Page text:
We all know that Saturday Night Live has become part of the American weekend newscap. It’s a cultural institution, whether you fully appreciate their sophomoric humor or not.
And some cast members go on to fame and fortune, and can totally count SNL as their trampoline into the big times (Tina Fey, Will Ferrell, Jimmy Fallon), while others can toil away for years and not become as big of a household name over time as you’d think (Tim Meadows).
So one site decided to take a look at the LONGEVITY OF SNL CAST MEMBERS to see if there was any correlation between popularity and tenure on the show.
They found that the average cast member was on the show for 3.58 seasons. That the vast majority of long-standing members of the Not Ready for Prime Time Players were on the show for about four or five seasons. A few decided to hang in there for seven or eight seasons.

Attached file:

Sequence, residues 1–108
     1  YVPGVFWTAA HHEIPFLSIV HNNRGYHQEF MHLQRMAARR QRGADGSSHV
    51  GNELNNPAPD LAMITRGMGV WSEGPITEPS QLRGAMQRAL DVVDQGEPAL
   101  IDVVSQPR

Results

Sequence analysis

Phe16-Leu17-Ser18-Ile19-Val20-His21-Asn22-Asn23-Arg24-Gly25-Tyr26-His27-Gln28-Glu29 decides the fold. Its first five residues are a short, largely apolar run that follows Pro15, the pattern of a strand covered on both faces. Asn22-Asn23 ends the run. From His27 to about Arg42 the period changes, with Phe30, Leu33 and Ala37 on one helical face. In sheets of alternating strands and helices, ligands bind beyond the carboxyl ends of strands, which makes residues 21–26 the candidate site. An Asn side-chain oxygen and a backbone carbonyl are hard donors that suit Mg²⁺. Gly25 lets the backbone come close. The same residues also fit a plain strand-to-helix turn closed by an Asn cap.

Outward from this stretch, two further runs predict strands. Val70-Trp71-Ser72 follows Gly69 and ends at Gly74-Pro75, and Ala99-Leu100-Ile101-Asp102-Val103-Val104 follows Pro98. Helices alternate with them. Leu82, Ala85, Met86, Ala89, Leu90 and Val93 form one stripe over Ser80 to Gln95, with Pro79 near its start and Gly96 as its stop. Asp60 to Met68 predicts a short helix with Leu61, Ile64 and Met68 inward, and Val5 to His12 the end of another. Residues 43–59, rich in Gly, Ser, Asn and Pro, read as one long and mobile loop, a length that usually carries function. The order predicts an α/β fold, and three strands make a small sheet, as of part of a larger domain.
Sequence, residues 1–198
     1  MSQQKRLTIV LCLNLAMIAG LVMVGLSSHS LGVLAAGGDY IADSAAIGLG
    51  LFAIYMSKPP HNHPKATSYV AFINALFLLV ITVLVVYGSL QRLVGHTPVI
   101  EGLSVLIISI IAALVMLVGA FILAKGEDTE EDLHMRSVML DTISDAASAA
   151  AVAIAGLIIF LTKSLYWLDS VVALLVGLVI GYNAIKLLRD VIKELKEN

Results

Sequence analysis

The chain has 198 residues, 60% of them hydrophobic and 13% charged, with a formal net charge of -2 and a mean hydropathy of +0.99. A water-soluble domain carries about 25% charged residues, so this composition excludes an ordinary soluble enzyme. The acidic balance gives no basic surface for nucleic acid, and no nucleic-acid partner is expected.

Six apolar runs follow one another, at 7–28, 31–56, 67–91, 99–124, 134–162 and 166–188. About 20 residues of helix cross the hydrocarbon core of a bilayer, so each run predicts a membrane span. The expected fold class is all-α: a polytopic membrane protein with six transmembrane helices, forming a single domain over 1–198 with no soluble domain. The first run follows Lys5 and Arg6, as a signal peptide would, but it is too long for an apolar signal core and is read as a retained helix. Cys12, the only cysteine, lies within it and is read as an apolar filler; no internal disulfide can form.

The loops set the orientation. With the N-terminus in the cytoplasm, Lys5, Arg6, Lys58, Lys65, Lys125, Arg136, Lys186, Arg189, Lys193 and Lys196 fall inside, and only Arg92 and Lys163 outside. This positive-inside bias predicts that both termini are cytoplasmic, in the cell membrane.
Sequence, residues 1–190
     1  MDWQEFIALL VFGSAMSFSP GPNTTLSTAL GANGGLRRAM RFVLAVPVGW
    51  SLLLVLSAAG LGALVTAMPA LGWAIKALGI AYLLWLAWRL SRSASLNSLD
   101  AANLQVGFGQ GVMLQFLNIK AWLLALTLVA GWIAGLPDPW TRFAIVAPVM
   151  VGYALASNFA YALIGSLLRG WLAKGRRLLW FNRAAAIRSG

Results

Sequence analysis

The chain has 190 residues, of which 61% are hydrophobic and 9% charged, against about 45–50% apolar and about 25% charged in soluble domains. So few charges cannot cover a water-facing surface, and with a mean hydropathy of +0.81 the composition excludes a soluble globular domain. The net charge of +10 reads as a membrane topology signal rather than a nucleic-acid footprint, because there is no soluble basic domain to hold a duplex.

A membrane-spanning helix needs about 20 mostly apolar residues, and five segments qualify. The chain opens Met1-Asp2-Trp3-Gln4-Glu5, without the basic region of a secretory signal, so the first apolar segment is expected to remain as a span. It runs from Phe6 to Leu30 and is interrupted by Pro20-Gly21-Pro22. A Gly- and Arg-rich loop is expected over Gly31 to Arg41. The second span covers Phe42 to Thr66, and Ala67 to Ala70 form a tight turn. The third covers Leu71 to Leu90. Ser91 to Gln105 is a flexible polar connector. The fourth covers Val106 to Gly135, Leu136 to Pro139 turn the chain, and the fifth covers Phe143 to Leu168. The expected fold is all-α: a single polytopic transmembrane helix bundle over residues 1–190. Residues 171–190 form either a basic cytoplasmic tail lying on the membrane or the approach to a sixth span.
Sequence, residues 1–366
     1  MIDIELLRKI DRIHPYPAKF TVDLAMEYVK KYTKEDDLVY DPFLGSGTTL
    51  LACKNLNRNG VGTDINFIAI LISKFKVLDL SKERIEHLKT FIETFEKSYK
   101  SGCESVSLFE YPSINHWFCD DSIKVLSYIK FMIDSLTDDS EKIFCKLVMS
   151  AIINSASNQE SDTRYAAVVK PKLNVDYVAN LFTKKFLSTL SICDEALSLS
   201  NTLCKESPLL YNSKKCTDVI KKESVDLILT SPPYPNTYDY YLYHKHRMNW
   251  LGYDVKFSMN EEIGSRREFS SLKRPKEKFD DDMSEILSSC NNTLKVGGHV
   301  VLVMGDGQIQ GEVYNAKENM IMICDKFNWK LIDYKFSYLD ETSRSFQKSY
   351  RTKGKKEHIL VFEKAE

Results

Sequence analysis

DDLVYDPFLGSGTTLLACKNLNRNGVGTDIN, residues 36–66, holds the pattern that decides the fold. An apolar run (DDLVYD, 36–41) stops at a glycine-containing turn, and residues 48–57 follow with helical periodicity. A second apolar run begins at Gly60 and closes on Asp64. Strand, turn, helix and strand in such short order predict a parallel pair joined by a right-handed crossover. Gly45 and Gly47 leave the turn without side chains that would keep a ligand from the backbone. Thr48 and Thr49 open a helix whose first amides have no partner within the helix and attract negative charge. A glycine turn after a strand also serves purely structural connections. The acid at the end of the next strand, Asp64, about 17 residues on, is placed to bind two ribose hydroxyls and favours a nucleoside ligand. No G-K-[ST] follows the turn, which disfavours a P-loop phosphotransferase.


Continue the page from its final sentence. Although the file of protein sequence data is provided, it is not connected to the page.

But that’s about it. If you haven’t found fame and fortune and everything that goes with it by then, either you’re a dedicated, loyal NBC player, or you have no other options left if you were to leave.
The study did point out one interesting fact — over the 40 years that Saturday Night Live has been on the air, there have been 140 cast members.
55 of them were only on the show for one season. That’s just under 40% of all cast members.
OF COURSE we’re not going to know who you are if you’re part of the 40% (which, technically speaking, could still be considered “almost half of all cast members”) that never even made it to Season Two of your contract.
So here’s the tip: if you want to make it big, you’re going to need to be on SNL for at least two seasons to have any sort of noticeable impact on the audience. Robert Downey Jr aside, that’s where the real money and benefit of being on an ensemble show can really help make you some cash.